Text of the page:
Biodiversity and Ecosystem Function: Using Natural Attributes of Islands
Islands and island systems offer a number of gradients, attributes, and natural experiments that facilitate examination of relationships between biodiversity and ecosystem function. First, they are often simpler systems than continental areas, reducing the number of complicating variables. Numerous studies, for example, have shown that taxonomic diversity declines strongly with decreasing island size and increasing distance from continental areas (Ash 1992; MacArthur and Wilson 1967; Woodroffe 1987). Even though genetic diversity within species on islands is often high, the overall taxonomic diversity is usually low (Mueller-Dombois 1990). Second, a number of archipelagos contain islands that have similar geologic histories or features (e.g., the Bahamian islands) that reduce complexities in soil age and processes. This can greatly simplify studies of ecosystem processes where highly variable soil conditions make it difficult and sometimes impossible to understand ecosystem functions. Third, and importantly, islands offer a wide gradient of diversity, with natural variation in factors such as latitude, size, age, spatial arrangement, and pattern of disturbance. Many of these factors, notably size and distance from continents, strongly influence biodiversity. Use of these natural gradients and the resulting gradients in biodiversity offers the prospect of establishing natural experiments to examine relationships between biodiversity and functioning within ecosystems.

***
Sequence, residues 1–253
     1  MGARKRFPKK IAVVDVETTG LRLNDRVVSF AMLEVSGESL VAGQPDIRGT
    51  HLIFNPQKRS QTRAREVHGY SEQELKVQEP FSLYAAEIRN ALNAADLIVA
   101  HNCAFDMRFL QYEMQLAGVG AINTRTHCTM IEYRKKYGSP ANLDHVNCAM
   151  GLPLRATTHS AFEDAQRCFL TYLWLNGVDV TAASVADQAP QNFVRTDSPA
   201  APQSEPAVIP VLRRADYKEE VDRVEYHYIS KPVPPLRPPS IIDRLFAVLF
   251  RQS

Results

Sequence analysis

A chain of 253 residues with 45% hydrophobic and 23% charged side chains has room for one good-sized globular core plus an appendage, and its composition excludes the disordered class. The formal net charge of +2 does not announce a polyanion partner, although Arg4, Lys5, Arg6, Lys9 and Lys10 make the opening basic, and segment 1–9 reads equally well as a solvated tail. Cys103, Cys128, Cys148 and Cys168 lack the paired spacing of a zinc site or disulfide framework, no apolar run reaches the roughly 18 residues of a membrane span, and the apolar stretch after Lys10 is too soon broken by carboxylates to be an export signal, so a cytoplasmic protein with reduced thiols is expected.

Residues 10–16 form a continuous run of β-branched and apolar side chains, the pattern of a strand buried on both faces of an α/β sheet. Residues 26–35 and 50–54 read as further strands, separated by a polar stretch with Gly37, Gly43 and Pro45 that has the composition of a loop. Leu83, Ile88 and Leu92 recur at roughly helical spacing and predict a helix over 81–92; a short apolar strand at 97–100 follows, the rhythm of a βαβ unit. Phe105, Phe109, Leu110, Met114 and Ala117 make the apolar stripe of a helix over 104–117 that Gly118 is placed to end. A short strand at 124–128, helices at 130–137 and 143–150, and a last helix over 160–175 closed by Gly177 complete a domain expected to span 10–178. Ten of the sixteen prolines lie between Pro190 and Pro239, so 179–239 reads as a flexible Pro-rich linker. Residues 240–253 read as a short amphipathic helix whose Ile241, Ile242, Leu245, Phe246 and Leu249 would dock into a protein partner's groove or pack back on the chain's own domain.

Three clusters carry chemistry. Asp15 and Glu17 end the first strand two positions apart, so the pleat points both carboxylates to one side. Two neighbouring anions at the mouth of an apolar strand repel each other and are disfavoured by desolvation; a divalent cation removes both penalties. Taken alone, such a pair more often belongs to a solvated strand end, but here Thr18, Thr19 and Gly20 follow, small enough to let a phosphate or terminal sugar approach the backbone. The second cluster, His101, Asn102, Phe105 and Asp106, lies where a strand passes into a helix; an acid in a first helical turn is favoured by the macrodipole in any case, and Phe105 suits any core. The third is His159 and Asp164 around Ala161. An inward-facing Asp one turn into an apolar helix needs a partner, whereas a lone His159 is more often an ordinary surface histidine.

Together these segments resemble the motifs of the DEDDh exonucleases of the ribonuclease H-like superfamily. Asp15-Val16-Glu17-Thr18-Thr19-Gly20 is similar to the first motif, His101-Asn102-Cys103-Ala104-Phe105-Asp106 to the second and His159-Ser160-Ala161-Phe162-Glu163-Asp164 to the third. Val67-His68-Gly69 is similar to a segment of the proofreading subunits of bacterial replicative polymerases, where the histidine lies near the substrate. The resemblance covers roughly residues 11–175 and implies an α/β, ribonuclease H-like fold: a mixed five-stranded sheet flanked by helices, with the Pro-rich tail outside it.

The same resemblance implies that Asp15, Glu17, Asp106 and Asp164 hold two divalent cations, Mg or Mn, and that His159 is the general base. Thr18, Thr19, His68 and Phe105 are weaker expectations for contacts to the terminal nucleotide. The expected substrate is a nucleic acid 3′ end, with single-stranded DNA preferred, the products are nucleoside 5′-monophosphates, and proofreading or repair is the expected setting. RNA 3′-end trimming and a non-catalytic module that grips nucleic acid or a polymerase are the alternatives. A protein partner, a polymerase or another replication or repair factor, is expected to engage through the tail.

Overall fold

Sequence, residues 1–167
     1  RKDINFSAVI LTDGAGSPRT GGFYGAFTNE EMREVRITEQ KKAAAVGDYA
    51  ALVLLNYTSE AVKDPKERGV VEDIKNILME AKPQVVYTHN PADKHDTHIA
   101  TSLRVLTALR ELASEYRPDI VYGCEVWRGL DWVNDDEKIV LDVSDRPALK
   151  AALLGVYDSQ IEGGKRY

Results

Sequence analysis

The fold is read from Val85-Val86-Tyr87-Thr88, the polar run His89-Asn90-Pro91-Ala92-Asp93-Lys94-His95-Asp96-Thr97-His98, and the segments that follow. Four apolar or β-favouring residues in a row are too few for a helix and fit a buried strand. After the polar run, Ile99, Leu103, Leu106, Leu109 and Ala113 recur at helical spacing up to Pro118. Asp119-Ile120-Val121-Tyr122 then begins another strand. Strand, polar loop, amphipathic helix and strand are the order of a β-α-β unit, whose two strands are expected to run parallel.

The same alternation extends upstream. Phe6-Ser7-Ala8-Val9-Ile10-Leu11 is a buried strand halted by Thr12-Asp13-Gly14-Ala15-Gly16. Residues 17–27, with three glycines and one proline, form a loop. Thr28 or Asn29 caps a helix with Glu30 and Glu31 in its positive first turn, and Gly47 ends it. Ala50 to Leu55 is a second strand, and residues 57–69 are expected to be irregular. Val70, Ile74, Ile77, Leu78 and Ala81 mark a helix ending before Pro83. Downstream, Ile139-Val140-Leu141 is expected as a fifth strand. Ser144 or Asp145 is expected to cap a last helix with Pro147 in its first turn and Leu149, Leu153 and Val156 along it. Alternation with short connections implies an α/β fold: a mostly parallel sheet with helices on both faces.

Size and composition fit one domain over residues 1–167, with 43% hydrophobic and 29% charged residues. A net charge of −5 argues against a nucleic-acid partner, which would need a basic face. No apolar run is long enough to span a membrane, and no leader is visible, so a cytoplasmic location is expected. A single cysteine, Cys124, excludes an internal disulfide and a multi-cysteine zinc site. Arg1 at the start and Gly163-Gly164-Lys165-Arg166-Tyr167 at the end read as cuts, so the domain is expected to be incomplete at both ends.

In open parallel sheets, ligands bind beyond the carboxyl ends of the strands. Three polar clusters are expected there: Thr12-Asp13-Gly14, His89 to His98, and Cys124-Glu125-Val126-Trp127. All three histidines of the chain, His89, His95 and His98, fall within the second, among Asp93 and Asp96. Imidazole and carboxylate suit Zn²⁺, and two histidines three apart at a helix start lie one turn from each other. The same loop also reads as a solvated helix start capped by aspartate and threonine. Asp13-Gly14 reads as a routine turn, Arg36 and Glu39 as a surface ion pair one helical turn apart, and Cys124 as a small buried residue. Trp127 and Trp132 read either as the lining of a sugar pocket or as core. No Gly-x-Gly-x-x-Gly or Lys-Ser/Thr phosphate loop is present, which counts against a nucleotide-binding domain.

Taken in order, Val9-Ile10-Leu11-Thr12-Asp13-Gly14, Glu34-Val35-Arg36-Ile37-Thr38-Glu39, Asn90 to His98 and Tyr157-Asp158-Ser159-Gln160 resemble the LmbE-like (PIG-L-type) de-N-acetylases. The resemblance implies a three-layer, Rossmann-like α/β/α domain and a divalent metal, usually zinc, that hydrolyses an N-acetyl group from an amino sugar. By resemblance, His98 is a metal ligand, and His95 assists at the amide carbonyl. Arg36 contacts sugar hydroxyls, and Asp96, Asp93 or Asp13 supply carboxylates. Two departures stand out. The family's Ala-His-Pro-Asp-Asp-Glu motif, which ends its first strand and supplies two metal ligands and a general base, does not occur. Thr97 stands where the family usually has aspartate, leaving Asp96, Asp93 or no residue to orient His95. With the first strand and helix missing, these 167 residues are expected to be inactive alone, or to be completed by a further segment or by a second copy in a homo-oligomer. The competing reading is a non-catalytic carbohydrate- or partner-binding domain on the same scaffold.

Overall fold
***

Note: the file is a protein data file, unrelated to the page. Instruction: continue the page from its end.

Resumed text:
KeywordsEcosystem Function Taxonomic Diversity Natural Gradient Island System Isle Royale
Unable to display preview. Download preview PDF.
- Ash J (1992) Vegetation ecology of Fiji: past, present, and future perspectives. Pac Sci 46:111–127Google Scholar
- MacArthur RH, Wilson EO (1967) The theory of island biogeography. Princeton University Press, Princeton, NJGoogle Scholar
- May RH (1974) Stability and complexity in model ecosystems. Princeton University Press, Princeton, NJGoogle Scholar
- McNaughton SJ (1993) Biodiversity and function of grazing ecosystems. In: Schulze ED, Mooney HA (eds) Biodiversity and ecosystem function. Ecological Studies, Vol. 99. Springer Berlin Heidelberg New York, pp 361–383Google Scholar
- Mueller-Dombois D (1990) Impoverishment in Pacific island forests. In: Woodwell GM (ed) The Earth in transition: patterns and processes of biotic impoverishment. Cambridge University Press, Cambridge, NY pp 199–210Google Scholar
- Soltz DL, Naiman RJ (1978) The natural history of fishes in the Death Valley system. Nat Hist Mus Los Ang Cty Sci Ser 30:1–76Google Scholar
- van Dobben WH, Lowe-McConnell RH (eds) (1975) Unifying concepts in ecology. Dr W Junk, The HagueGoogle Scholar
- Vitousek PM, Aplet G, Turner D, Lockwood JJ (1992) The Mauna Loa environmental matrix: foliar and soil nutrients. Oecologia 89: 372–382Google Scholar
- Woodroffe CD (1987) Pacific Island mangroves: distribution and environmental setting. Pac Sci 41:166–185Google Scholar